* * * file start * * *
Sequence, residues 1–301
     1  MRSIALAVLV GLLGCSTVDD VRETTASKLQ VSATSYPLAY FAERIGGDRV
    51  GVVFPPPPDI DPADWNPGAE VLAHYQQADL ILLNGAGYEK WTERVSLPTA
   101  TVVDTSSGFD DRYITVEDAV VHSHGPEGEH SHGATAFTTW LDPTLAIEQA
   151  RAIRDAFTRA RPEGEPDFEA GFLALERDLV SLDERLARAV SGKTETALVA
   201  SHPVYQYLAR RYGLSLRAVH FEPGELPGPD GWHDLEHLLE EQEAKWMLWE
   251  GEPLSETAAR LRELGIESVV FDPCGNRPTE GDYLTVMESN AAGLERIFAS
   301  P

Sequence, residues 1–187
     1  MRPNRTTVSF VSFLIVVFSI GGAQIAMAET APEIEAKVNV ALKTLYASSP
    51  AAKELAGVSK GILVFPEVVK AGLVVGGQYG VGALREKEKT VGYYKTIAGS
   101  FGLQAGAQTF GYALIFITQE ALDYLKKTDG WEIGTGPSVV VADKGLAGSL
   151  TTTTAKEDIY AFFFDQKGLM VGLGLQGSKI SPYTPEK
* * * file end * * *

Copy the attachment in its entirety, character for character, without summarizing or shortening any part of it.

Sequence, residues 1–301
     1  MRSIALAVLV GLLGCSTVDD VRETTASKLQ VSATSYPLAY FAERIGGDRV
    51  GVVFPPPPDI DPADWNPGAE VLAHYQQADL ILLNGAGYEK WTERVSLPTA
   101  TVVDTSSGFD DRYITVEDAV VHSHGPEGEH SHGATAFTTW LDPTLAIEQA
   151  RAIRDAFTRA RPEGEPDFEA GFLALERDLV SLDERLARAV SGKTETALVA
   201  SHPVYQYLAR RYGLSLRAVH FEPGELPGPD GWHDLEHLLE EQEAKWMLWE
   251  GEPLSETAAR LRELGIESVV FDPCGNRPTE GDYLTVMESN AAGLERIFAS
   301  P

Sequence, residues 1–187
     1  MRPNRTTVSF VSFLIVVFSI GGAQIAMAET APEIEAKVNV ALKTLYASSP
    51  AAKELAGVSK GILVFPEVVK AGLVVGGQYG VGALREKEKT VGYYKTIAGS
   101  FGLQAGAQTF GYALIFITQE ALDYLKKTDG WEIGTGPSVV VADKGLAGSL
   151  TTTTAKEDIY AFFFDQKGLM VGLGLQGSKI SPYTPEK